FINDING LIFE BEYOND EARTH: MOONS AND BEYOND

Written, Produced and Directed by
Oliver Twinch

Produced in cooperation with NASA and the National Institute of Aerospace

ASSISTANT PRODUCERS
Alexis Burke
Dominic Aston
EDITED BY
Mairin O’Faolain
Jason Savage
Nigel Barker
CAMERA
Jonathan Dacey
NARRATED BY
Jay O. Sanders
SOUND RECORDISTS
Percy Urgena
Gregg Hinnen
Haven McKinney
Pandora Kronenburg
MUSIC
Universal Audio Network
VISUAL EFFECTS
Prime Focus
VISUAL EFFECTS SUPERVISOR FOR PRIME FOCUS
Simon Clarke
VISUAL EFFECTS LINE PRODUCER FOR PRIME FOCUS
Vikas Gandhi
VISUAL EFFECTS ASSISTANT PRODUCER FOR DARLOW SMITHSON PRODUCTIONS
Andrew Ryder
ONLINE EDITOR
Alan Jones
COLORIST
Blair Wallace
AUDIO MIX
Danny Finn
PROGRAM ADVISORS
Jim Bell
David Grinspoon
ARCHIVE RESEARCH
Paul Gardner
James Labous
RESEARCH
Eloisa Noble
Faran Ismailpour
PRODUCTION COORDINATOR
Julia Speed
LINE PRODUCER
Ann Hampsey
ARCHIVAL MATERIAL
Artbeats
BBC Motion Gallery
Corbis
Getty
Joseph Resing/NOAA
Footage Vault
Woods Hole Oceanographic Institution
NASA
NASA/JPL
Caltech
NASA/Goddard Space Flight Center
Southwest Research Institute
Eastbay Astronomical Society
Cassini Radar Team
ESA
Hubble
ASI
ESO
Gemini Observatory/AURA
Max-Planck-Institute for Astronomy
Rice University
STScI
University of Arizona
DLR
ASU
JHU APL
GSFC
Space Science Institute
Universities Space Research Association
Lunar & Planetary Institute
University of Colorado
USGS
NCSA/MSU/UC San Diego
Swedish Solar Telescope / L. Rouppe van der Voort (University of Oslo)
The Institute for Solar Physics
Hawaii Institute of Geophysics and Planetology
SPECIAL THANKS
YMCA Snow Mountain Ranch
Space Telescope Science Institute
Chris Abbas
Emily Lakdawalla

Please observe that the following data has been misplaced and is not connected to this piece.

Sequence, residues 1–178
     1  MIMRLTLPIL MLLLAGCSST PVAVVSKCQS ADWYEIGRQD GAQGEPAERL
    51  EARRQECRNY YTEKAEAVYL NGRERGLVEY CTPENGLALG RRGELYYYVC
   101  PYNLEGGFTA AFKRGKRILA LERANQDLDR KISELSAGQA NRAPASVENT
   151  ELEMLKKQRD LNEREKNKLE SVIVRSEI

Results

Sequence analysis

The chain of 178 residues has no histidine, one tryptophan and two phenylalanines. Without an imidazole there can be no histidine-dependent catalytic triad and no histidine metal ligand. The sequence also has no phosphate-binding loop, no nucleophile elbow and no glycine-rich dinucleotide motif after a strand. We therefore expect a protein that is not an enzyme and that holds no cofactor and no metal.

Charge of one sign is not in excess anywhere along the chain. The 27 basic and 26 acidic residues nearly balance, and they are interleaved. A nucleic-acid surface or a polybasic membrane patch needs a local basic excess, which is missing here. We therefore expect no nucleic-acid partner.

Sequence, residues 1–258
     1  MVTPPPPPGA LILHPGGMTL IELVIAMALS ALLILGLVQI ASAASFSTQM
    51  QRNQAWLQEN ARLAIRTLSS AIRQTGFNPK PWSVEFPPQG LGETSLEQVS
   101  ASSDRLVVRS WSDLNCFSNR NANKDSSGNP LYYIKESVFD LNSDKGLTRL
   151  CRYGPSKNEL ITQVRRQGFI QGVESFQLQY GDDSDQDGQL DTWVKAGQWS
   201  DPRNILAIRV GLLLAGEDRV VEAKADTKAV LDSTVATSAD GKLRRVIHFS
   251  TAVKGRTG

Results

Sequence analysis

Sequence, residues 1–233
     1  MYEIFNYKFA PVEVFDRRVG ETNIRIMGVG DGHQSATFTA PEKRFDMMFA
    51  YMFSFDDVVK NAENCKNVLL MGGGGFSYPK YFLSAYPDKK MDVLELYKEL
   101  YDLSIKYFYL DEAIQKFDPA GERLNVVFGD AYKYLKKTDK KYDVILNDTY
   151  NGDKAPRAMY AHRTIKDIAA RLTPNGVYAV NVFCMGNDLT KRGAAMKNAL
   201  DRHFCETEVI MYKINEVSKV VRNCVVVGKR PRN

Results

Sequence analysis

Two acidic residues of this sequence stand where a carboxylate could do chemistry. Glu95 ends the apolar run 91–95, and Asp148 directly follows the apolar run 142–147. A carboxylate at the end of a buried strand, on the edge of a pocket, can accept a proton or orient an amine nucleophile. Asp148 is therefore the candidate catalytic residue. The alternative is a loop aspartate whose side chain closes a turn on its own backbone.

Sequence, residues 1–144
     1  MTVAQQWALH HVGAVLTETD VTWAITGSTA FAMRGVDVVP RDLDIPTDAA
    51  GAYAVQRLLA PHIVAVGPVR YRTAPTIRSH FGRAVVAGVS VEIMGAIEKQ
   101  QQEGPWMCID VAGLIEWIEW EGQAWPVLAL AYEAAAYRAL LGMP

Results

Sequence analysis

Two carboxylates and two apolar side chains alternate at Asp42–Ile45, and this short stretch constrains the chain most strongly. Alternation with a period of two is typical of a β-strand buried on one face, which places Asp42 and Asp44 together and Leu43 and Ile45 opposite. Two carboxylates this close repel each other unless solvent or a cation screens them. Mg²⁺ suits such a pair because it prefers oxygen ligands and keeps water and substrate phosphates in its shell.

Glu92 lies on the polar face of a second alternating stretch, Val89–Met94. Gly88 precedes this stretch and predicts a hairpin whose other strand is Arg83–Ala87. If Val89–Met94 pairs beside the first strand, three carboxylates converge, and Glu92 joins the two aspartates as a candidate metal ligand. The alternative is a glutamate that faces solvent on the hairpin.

Charles Fisher
Penn State University
Linda Amaral Zettler
Marine Biological Laboratory

FOR DARLOW SMITHSON PRODUCTIONS

DIRECTOR OF OPERATIONS
Ulla Streib
EXECUTIVE PRODUCER
Ben Bowie
NOVA SERIES GRAPHICS
yU + co.
NOVA THEME MUSIC
Walter Werzowa
John Luker
Musikvergnuegen, Inc.
ADDITIONAL NOVA THEME MUSIC
Ray Loring
Rob Morsberger
POST PRODUCTION ONLINE EDITOR
Spencer Gentry
CLOSED CAPTIONING
The Caption Center
MARKETING AND PUBLICITY
Karen Laverty
PUBLICITY
Eileen Campion
Victoria Louie
SENIOR RESEARCHER
Kate Becker
NOVA ADMINISTRATOR
Kristen Sommerhalter
PRODUCTION COORDINATOR
Linda Callahan
PARALEGAL
Sarah Erlandson
TALENT RELATIONS
Scott Kardel, Esq.
Janice Flood
LEGAL COUNSEL
Susan Rosen
DIGITAL PROJECTS MANAGER
Kristine Allington
DIRECTOR OF NEW MEDIA
Lauren Aguirre
ASSOCIATE PRODUCER POST PRODUCTION
Patrick Carey
POST PRODUCTION EDITOR
Rebecca Nieto
POST PRODUCTION MANAGER
Nathan Gunner
COMPLIANCE MANAGER
Linzy Emery
DEVELOPMENT PRODUCERS
Pamela Rosenstein
David Condon
SUPERVISING PRODUCER
Stephen Sweigart
BUSINESS AND PRODUCTION MANAGER
Jonathan Loewald
SENIOR PRODUCER AND PROJECT DIRECTOR
Lisa Mirowitz
COORDINATING PRODUCER
Laurie Cahalane
SENIOR SCIENCE EDITOR
Evan Hadingham
SENIOR SERIES PRODUCER
Melanie Wallace
EXECUTIVE PRODUCER
Howard Swartz
MANAGING DIRECTOR
Alan Ritsko
SENIOR EXECUTIVE PRODUCER
Paula S. Apsell

A NOVA Production by Darlow Smithson Productions

© 2011 WGBH Educational Foundation All rights reserved

This material is based on work supported by National Aeronautics and Space Administration, Langley Research Center under the Research Cooperative Agreement No. NNL09AA00A awarded to the National Institute of Aerospace. Any opinions, findings, and conclusions or recommendations expressed in this publication are those of the author(s) and do not necessarily reflect the views of National Aeronautics and Space Administration, Langley Research Center or the National Institute of Aerospace.

IMAGE:

Image credit: Still from "Finding Life Beyond Earth" (Enceladus)
© WGBH Educational Foundation 2014

This is an excerpt from the NOVA program "Finding Life Beyond Earth."